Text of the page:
Indeed, nutrition advice for a long time has been to have three meals and 2-3 “healthy snacks” per day
But why? Until roughly the 60’s when the Milkybar Kid marketing campaign was launched by Nestle, snacking wasn’t encouraged to nearly the same extent. Sure, people did it, but there were no foods created with the express purpose of being eaten between meals – and why?
Because you don’t need to.
The perception most have around hunger is that it is associated with low blood sugar, with poor concentration and fatigue, and with a general unpleasant feeling. Moreover, it’s assumed that hunger – because it arises from a physiological need for food – grows and grows over time until it becomes unbearable. As such we try to eat as soon as we feel hungry, or we plan for it and eat “before hunger strikes”.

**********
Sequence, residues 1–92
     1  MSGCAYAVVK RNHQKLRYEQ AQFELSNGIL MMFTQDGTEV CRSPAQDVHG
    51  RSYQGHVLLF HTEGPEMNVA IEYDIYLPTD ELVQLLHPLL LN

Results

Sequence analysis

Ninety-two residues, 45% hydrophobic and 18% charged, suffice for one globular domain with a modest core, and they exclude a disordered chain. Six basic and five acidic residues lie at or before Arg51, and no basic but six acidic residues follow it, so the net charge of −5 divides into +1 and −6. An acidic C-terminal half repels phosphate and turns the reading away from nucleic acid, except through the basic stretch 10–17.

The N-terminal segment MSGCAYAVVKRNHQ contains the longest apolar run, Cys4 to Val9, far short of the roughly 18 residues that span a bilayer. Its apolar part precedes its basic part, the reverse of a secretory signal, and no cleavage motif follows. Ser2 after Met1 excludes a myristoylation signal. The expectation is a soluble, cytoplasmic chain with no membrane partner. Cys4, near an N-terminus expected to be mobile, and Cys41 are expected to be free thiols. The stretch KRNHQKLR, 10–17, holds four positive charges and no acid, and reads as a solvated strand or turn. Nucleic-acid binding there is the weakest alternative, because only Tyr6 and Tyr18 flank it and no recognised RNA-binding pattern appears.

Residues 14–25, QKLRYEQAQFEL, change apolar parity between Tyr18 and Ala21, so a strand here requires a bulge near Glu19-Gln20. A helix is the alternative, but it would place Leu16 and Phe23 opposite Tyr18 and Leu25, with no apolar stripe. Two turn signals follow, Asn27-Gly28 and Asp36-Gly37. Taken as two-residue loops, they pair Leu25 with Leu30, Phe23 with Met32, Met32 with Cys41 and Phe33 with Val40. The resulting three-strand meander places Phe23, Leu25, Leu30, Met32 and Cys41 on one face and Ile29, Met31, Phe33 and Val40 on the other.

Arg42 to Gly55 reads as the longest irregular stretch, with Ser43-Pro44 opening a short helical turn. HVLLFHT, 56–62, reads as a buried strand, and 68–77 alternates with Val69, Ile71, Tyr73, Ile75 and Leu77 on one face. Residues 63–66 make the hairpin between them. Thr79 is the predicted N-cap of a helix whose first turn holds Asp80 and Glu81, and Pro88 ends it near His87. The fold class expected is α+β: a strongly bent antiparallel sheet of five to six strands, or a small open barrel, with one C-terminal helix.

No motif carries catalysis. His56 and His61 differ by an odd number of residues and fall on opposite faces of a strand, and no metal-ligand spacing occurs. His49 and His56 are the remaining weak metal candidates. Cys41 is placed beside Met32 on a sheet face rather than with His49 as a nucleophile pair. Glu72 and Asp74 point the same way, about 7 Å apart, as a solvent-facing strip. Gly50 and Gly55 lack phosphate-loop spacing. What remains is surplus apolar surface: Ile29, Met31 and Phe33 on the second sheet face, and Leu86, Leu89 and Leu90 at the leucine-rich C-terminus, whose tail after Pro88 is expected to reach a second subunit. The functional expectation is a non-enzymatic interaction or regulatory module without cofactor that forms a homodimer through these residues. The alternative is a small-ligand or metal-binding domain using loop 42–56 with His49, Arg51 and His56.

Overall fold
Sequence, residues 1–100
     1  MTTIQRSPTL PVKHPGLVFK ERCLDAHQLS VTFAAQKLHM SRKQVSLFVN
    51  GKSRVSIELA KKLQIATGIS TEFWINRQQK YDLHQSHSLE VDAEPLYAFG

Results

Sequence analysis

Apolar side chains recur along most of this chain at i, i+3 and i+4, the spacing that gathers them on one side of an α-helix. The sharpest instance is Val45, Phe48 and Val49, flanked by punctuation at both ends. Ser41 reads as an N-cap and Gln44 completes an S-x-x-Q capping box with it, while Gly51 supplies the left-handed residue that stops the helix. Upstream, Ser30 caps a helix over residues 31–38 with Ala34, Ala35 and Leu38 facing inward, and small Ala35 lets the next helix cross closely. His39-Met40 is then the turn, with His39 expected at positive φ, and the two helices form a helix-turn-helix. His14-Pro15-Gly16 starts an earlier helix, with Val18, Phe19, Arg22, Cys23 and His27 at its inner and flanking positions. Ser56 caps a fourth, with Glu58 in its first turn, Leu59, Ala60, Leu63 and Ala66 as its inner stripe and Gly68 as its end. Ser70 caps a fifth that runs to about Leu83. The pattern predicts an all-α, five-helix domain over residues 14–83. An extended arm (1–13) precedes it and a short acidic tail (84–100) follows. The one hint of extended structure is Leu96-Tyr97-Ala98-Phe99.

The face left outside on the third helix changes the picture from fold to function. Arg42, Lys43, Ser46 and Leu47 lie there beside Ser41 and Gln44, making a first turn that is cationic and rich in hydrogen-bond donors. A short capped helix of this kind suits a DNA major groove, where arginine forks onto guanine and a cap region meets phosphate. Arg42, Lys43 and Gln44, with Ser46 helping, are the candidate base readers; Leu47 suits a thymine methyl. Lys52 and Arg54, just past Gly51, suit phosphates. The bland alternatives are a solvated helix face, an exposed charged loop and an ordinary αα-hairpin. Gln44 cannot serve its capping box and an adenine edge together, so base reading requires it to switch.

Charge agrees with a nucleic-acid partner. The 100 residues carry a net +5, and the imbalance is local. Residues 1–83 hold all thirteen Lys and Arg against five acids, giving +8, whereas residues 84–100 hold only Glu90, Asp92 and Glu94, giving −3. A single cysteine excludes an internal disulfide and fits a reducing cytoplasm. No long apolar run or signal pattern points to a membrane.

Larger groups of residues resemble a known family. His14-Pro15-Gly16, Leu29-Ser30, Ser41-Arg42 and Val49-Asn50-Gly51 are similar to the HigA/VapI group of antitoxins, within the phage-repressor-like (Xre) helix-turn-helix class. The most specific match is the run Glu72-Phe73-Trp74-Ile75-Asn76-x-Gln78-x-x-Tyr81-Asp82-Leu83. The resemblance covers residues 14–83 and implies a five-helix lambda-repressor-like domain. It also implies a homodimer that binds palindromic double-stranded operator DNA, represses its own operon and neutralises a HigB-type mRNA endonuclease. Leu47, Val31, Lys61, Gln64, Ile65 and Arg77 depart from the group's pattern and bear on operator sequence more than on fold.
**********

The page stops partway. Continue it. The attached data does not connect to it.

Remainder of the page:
But that’s not what hunger is.
Hunger arises from a complex milieu of endocrine signals including high levels of some things and low levels of some others, most of which are affected not only by physiological need but by things like:
- Time of day – you get hungry at roughly the same times of day that you tend to eat
- Food choices – the fact that some foods prevent hunger longer than others despite providing the same energy content tells you if you think about it, that actually needing energy is not one of the main reasons that hunger arises
- And let’s be honest – differentiating cravings/boredom and hunger isn’t always the easiest thing to do